Around 25 years ago St Mary’s, Houghton on the Hill, near North Pickenham, was a church that had fallen into wrack and ruin.
It had been desecrated by Satanists who had dug up the bodies of several previous rectors.
But the church was rescued by Bob and Gloria Davey, a couple who had moved to nearby Swaffham on retirement, and who had stumbled across the remote church hidden in woodland well away from any roads.
They found a church - although never deconsecrated - well off the beaten track with collapsed walls, an open roof and a square tower completely covered in ivy.
Thanks to the couple putting same of their own money into a restoration project and with the help of grants it is now a weather-proof building.
By coincidence it was a time when Norfolk County Council, together with the Heritage Lottery and Breckland Council were putting money into restoring Norfolk’s ruined churches and the building was saved.
Little did they know at the time that the church contained works of art that are now recognised as the earliest wall paintings of their type in Europe.
Bob Davey’s first act was to drive out the group of Satanists.
“But that was not before they had dug up the bodies of several of the previous rectors for their bones,” said trustee, Alan Brinsdon, who was showing visitors around during a special history event at the church during the weekend.
It was then that Mr Davey discovered the first of the murals which had been painted over many years on five different layers of plaster.
Most cannot be accurately dated but were painted before the 11th century and are pre-Norman.
But one can for it shows Thomas Cranmer in 1540 with the Great Bible.
Other uncovered images include a winged Seraphim blowing the last trumpet to summon the dead from their graves before ascending to Heaven.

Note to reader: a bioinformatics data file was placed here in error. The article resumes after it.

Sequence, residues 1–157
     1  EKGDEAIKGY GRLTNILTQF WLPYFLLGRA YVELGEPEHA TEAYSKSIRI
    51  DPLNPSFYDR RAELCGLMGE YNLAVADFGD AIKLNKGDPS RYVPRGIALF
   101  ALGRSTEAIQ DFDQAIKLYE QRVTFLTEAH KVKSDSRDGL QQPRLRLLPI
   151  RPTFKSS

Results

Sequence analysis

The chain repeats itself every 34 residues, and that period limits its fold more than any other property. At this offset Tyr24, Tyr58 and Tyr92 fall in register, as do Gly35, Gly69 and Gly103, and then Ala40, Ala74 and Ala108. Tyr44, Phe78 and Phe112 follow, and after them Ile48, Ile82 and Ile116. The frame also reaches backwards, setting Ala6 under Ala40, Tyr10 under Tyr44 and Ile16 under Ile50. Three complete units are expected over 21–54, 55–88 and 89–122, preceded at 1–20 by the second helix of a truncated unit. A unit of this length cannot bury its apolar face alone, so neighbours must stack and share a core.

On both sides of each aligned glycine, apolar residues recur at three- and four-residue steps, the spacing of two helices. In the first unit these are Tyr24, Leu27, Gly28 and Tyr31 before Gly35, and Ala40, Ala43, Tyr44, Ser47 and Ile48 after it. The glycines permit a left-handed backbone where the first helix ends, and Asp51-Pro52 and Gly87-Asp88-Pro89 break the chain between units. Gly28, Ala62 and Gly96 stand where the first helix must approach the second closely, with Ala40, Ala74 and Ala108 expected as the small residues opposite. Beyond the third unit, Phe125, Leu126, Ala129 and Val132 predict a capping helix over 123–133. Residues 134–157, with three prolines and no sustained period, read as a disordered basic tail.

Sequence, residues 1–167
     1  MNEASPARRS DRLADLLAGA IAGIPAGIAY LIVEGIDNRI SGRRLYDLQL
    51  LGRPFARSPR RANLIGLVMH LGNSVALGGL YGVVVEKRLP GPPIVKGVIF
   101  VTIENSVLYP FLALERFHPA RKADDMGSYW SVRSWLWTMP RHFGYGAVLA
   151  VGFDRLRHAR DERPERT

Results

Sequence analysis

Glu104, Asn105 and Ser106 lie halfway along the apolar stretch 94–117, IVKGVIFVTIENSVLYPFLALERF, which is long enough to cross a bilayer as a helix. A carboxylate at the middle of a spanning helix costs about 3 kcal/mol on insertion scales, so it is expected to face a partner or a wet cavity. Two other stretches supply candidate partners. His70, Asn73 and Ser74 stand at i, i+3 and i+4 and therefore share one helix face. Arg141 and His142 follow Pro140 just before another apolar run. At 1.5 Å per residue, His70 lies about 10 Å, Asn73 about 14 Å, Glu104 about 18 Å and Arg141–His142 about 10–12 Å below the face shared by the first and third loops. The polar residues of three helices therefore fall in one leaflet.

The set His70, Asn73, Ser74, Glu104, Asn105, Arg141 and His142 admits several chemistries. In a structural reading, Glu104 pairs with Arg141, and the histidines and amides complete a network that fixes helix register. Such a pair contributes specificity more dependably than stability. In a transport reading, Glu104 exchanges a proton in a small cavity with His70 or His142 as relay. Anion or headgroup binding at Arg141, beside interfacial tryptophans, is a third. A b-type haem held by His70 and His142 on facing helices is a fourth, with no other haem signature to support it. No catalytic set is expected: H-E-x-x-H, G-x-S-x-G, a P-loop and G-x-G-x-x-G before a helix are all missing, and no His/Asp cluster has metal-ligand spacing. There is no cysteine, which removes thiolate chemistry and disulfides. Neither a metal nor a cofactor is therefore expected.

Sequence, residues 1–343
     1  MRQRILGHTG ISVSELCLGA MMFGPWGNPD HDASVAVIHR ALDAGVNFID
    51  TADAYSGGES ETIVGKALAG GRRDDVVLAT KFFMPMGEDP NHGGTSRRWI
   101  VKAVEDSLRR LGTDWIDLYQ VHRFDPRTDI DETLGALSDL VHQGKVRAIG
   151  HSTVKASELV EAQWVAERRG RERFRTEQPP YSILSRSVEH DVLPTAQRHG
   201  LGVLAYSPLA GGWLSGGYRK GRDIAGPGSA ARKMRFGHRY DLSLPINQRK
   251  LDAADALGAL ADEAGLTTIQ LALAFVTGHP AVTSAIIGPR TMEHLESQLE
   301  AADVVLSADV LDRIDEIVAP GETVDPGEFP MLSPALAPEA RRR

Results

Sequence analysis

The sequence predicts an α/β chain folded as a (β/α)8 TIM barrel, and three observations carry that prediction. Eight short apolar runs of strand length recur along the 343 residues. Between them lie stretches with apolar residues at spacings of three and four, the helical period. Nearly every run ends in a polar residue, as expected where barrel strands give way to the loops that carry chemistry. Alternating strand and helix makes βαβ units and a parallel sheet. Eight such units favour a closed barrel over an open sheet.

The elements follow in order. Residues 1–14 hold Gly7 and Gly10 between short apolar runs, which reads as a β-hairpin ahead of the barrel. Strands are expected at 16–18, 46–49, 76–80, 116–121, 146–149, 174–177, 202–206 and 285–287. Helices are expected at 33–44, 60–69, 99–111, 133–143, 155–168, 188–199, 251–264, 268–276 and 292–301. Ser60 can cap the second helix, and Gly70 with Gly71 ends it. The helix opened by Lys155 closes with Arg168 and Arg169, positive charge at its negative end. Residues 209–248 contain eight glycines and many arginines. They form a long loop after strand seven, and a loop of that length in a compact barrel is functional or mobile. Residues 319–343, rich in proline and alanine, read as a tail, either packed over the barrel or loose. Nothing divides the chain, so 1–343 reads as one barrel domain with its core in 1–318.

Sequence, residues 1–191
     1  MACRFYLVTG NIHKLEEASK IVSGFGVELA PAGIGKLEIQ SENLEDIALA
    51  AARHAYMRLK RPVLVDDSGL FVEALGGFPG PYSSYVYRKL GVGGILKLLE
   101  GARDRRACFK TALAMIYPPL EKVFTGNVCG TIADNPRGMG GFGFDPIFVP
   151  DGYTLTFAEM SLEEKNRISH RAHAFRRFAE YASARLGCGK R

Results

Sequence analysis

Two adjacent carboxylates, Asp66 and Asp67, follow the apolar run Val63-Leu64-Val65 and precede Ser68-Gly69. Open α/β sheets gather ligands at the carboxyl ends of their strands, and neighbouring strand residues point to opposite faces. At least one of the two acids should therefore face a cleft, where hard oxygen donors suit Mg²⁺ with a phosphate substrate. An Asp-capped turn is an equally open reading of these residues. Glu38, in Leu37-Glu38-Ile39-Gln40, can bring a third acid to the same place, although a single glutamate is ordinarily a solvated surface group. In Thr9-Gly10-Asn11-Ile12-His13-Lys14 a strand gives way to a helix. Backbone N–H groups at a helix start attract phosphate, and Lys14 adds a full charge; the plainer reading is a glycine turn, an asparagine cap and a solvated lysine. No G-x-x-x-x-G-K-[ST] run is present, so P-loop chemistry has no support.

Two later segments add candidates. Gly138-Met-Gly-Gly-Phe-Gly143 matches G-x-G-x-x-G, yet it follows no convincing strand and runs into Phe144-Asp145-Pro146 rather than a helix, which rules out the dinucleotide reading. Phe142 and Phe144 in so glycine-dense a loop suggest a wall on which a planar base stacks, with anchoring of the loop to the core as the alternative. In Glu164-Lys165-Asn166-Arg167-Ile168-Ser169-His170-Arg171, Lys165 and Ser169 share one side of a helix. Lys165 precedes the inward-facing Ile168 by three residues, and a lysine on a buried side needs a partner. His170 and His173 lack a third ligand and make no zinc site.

A frieze of roundels showed both a number of Christ’s disciples and the Devil and his disciples whilst another mural depicts Noah’s Ark. There is a depiction of Hell and people with looks of awe on their faces as they look upwards to Heaven.
“About the time of the Reformation the walls were all whitewashed. At that time no one knew of the murals hidden beneath the plaster,” said Mr Brinsdon.
The first church was a wooden affair dating back to the seventh century. Succeeding churches, all with a round tower, were erected on the site with their size depending on the prosperity of the area at that time. The square tower was erected in the 15th century.
The footprints of these churches can still be seen as the footings for their exterior walls are still visible in the grass.
Between 1996 and 2006 the Friends of St Mary’s raised funds to enable the windows to be replaced and other work to take place.
Heritage Lottery funding paid for conservation work to preserve the murals.
Electricity and new pews were installed to which Norfolk County Council and the Council for the Care of Churches also contributed.
Mr Brinsdon said: “Now we have a secure roof we can hold occasional services but cash is limited.
“We get no financial help and it is hard to be able to raise money by using it for performances such as a concert.”
The church is open daily between 2 and 4pm between the end of March and October.
From November to March it is open only at weekends at the same times though group viewing, by prior arrangement, can be organised to suit visitors.